Im not really afraid of that. I know that there is more aboriginals in Winnipeg compared to Toronto, which may cause some trouble...but you got homeless everywhere and there is probably good places as well and places to check out. So I dont mind seeing it.

How much was the hostel?
Deal Guru
User avatar
Dec 7, 2009
13833 posts
1337 upvotes
I think something like $23 a night but we got a group discount. I'm sure it's a bit more if you're flying solo.
In a perfect system, corporations would fear the government and the government would fear the people. - David Wong

Check out caRpetbomBer's picks in this thread.
Member
Jul 31, 2008
382 posts
187 upvotes
Markham
Advantages of Winnipeg:
o Nice sized city. You can feel like you know your city, versus something like the GTA which is just too huge.
o Beautiful women and ugly, redneck men (just kidding, kinda).
o Inexpensive. Peggers are cheapskates (very RFD). You can get a lot of value for your $$$.
o Some very good restaurants/bakeries/etc. A great city for good food.
o Car insurance is very reasonable, compared to the highway robbery in Ontario.
o Decent theater scene. Not as good as Toronto, but affordable and some good content.
o Better hockey team than the leafs (not too difficult).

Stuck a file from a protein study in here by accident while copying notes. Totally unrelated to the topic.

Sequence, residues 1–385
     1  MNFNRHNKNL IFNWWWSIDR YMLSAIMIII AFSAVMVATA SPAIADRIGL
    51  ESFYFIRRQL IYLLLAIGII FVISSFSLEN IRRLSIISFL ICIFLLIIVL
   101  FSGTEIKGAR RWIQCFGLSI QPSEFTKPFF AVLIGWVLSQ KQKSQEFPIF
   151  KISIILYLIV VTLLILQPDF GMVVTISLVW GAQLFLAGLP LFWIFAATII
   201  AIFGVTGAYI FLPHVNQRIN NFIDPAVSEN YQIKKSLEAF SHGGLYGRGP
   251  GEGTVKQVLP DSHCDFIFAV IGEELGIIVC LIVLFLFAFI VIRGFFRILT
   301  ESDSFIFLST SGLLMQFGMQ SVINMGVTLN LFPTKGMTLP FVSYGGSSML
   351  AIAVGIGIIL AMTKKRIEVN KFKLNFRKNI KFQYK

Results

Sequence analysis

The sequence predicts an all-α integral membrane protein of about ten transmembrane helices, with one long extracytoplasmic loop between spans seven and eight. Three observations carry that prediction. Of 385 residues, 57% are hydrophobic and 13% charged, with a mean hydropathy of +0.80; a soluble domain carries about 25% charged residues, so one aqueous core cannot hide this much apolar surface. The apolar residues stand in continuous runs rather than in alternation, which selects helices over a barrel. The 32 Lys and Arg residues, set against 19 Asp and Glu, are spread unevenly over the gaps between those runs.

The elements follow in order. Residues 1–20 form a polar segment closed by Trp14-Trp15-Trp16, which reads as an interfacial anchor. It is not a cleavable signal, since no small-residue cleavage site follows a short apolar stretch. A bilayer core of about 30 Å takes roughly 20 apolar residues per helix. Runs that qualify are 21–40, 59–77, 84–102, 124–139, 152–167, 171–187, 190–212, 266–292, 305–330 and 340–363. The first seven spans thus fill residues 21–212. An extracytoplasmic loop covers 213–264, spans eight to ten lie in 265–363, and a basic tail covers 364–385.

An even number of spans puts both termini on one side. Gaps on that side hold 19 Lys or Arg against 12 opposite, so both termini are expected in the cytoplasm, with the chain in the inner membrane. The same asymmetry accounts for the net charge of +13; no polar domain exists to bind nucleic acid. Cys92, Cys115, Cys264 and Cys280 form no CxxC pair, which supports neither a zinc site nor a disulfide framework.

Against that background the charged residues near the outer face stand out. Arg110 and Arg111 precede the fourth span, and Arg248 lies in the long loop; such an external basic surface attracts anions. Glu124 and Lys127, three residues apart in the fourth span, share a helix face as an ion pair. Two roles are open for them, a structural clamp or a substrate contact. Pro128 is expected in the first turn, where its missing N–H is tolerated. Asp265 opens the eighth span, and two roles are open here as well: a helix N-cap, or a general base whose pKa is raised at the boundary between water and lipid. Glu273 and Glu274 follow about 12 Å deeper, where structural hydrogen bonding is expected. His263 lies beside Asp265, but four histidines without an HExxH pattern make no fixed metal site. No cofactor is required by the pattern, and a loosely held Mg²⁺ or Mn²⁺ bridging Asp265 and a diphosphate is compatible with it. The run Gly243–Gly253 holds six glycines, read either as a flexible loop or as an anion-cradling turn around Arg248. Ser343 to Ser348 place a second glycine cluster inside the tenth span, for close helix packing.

Disadvantages:
o Another two months of winter. It is just too long.
o Too isolated for road trips. Too isolated in general. In winter, it can feel like a penal colony on the moon.
o Mosquitoes. Beautiful summers. Prepare to spend them inside a gazebo because the mosquitoes are insane.
o Bad drivers. More old men in hats blocking traffic than anywhere else in the world.
o High crime. The downtown core is still a cesspool (depressingly so).
o Poor concert scene. They get the occasional big act but too sporadic IMHO.
o Bad radio stations. It is like going in a time warp.
o Real estate boom. Prices seem out of whack with land availability. They only finish the front of a house and stucco the rest. Ugly subdivisions.
o If you have a family, seems like the odds are 50-50 your kids will move away.